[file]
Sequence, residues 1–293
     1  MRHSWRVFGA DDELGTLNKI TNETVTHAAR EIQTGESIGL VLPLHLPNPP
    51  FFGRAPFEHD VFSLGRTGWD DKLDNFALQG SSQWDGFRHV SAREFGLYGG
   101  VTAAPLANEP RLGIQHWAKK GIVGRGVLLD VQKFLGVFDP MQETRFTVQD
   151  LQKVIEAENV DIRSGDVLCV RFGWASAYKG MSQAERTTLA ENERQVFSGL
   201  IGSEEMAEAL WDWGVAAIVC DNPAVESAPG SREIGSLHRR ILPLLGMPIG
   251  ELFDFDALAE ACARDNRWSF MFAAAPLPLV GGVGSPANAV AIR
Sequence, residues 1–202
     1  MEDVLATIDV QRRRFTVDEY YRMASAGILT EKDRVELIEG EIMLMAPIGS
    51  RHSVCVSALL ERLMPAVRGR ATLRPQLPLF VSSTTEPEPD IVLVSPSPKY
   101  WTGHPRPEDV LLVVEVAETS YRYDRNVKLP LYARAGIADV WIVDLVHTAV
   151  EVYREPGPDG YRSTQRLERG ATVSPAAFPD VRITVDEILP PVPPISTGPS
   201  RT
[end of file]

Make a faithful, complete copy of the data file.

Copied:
Sequence, residues 1–293
     1  MRHSWRVFGA DDELGTLNKI TNETVTHAAR EIQTGESIGL VLPLHLPNPP
    51  FFGRAPFEHD VFSLGRTGWD DKLDNFALQG SSQWDGFRHV SAREFGLYGG
   101  VTAAPLANEP RLGIQHWAKK GIVGRGVLLD VQKFLGVFDP MQETRFTVQD
   151  LQKVIEAENV DIRSGDVLCV RFGWASAYKG MSQAERTTLA ENERQVFSGL
   201  IGSEEMAEAL WDWGVAAIVC DNPAVESAPG SREIGSLHRR ILPLLGMPIG
   251  ELFDFDALAE ACARDNRWSF MFAAAPLPLV GGVGSPANAV AIR
Sequence, residues 1–202
     1  MEDVLATIDV QRRRFTVDEY YRMASAGILT EKDRVELIEG EIMLMAPIGS
    51  RHSVCVSALL ERLMPAVRGR ATLRPQLPLF VSSTTEPEPD IVLVSPSPKY
   101  WTGHPRPEDV LLVVEVAETS YRYDRNVKLP LYARAGIADV WIVDLVHTAV
   151  EVYREPGPDG YRSTQRLERG ATVSPAAFPD VRITVDEILP PVPPISTGPS
   201  RT